Proposed EEO-1 Pay Data Requirement Will Increase Risks and Burdens

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The United States Equal Employment Opportunity Commission (EEOC) just announced a proposal to require large employers to provide pay data in the EEO-1 reports submitted annually to the government. While the proposal is completely consistent with the administration’s aggressive labor and employment agenda (and, therefore, should not come as a surprise), there is significant reason for concern because the requested changes will impose new burdens on employers and will now be open for the EEOC to initiate expensive and time-consuming litigation. This could potentially lead to the EEOC making examples of certain employers regardless of the reasons behind any actual pay disparities. Continue reading this entry

EEOC’s Proposed Retaliation “Guidance” Muddies the Waters for Employers

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For the first time in 18 years, the Equal Employment Opportunity Commission (EEOC) has offered proposed revisions to its official guidelines on workplace retaliation. In its proposed revisions, the agency expresses a very broad view of what constitutes actionable retaliation under the applicable equal employment laws. One of the most noteworthy revisions is that the EEOC has expanded its view of the evidence or facts that an employee may show to establish a retaliation claim, and that expansion will make it easier for employees to assert speculative retaliation claims that lack significant factual basis. Continue reading this entry

EEOC May Obtain Private (And Arguably Unnecessary) Employee Information

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Employers served with an Equal Employment Opportunity Commission (EEOC) subpoena requesting private employee information – regardless of its arguable relevance – may nevertheless be compelled to respond, according to a decision from late last year by one of the country’s most influential appellate courts. In the decision, the United States Court of Appeals for the Ninth Circuit permitted the EEOC to largely define its own need for employee data based on an expansive view of what information might be relevant to the its investigation. Continue reading this entry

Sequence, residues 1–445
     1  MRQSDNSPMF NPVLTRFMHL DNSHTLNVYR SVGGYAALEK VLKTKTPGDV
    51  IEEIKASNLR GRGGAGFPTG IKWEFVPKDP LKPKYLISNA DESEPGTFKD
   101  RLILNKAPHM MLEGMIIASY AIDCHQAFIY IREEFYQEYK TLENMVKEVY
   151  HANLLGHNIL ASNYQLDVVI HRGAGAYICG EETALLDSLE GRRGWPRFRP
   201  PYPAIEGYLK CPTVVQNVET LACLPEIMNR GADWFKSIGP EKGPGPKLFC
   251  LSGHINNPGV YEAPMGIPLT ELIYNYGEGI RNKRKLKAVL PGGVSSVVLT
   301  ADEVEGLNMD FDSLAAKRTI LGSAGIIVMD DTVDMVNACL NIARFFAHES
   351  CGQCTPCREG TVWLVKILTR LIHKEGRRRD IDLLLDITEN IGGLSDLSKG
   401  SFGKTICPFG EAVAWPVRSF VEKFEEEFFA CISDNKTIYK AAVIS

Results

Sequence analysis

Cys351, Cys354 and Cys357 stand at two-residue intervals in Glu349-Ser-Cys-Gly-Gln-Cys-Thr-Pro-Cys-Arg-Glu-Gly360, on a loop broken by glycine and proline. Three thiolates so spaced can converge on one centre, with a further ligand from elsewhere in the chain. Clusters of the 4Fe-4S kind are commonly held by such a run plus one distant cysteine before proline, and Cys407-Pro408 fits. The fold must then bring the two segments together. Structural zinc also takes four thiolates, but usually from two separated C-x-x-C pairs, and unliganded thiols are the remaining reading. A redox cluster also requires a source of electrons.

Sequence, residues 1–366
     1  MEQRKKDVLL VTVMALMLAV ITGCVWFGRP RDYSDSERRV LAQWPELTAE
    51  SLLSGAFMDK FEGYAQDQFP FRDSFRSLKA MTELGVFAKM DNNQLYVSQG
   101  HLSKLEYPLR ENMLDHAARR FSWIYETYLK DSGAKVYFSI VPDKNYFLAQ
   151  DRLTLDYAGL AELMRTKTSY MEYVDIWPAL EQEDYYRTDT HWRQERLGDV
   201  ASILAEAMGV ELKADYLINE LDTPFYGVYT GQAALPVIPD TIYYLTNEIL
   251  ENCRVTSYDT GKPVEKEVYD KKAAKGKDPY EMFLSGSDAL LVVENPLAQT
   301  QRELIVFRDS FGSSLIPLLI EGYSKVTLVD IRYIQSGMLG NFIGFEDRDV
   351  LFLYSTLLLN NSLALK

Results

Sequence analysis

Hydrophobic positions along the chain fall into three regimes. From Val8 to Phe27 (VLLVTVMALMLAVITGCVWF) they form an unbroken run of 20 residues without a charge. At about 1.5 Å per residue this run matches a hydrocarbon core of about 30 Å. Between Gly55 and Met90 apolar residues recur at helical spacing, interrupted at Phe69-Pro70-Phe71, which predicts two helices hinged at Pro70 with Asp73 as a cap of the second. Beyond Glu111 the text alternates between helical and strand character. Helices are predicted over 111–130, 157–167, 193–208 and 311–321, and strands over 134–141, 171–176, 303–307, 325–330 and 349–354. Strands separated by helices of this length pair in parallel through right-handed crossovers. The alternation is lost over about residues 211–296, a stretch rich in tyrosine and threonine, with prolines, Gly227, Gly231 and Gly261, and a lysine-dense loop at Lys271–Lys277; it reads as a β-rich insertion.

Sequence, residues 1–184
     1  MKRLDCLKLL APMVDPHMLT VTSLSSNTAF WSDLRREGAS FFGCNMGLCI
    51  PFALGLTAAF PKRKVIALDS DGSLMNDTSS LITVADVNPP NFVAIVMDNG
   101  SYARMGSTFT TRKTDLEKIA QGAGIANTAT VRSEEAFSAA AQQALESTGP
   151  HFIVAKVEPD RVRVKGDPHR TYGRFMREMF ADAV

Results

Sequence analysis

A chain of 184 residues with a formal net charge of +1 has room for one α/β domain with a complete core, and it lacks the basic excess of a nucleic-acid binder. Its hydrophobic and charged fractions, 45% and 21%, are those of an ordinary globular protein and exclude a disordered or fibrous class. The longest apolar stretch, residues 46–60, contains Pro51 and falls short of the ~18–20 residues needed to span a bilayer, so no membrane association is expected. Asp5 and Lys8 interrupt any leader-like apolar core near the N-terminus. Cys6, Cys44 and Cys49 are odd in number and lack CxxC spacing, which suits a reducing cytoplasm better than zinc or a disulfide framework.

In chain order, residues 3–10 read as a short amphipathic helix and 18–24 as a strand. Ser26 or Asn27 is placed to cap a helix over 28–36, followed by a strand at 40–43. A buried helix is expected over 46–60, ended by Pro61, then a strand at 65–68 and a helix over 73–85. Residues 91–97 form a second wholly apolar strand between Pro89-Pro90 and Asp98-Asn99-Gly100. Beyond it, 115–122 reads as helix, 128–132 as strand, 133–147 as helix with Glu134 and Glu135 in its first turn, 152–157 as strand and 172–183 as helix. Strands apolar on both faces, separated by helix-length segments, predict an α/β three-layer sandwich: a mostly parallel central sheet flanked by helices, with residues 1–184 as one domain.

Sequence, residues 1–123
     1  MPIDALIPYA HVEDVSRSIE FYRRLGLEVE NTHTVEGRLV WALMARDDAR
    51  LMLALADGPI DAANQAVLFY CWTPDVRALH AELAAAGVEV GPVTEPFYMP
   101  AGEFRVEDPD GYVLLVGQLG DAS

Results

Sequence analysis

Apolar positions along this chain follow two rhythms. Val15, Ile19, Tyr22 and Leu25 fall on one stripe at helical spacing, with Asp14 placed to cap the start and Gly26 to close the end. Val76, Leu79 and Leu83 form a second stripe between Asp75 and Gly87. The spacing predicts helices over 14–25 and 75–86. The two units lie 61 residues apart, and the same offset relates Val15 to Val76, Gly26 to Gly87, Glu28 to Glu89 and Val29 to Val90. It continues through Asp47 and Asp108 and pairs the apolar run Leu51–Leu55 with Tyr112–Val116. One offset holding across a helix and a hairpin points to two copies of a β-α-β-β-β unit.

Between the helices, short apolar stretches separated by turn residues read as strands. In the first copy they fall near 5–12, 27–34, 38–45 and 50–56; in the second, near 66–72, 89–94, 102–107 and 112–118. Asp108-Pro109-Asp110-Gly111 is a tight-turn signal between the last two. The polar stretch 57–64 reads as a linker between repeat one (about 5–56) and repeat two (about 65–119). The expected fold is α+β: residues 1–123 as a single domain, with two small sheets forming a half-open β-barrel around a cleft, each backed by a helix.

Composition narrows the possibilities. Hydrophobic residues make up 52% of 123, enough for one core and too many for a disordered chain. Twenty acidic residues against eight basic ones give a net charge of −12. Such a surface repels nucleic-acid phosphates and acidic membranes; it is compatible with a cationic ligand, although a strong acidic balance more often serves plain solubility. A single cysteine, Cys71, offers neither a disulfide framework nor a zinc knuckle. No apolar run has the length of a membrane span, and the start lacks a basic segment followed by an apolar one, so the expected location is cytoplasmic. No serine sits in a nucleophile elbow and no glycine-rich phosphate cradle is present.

Hybrid Visa Offers Alternative to Limited H-1B Visa

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For an ever-increasing number of U.S. employers, the start of another calendar year also means H-1B season has arrived. However, given the competitive nature of the H-1B program, many employers are turning to an alternative and infrequently utilized hybrid visa, the “B-1 in lieu of H-1B,” to obtain professionals with specialized skills. Continue reading this entry

DOL Asserts “As Broad as Possible” Joint Employer Standard for Wage and Hour Enforcement

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In new guidance issued on January 20, the Department of Labor (DOL) has aggressively interpreted its authority “as broad as possible” to hold employers responsible for wage and hour violations committed by separate “joint employers.” This guidance, issued by David Weil, the administrator of DOL’s Wage and Hour Division, makes clear those businesses sharing employees or using contractors or temporary staffing agencies may become legally responsible for wage and hour violations committed by another employer. Continue reading this entry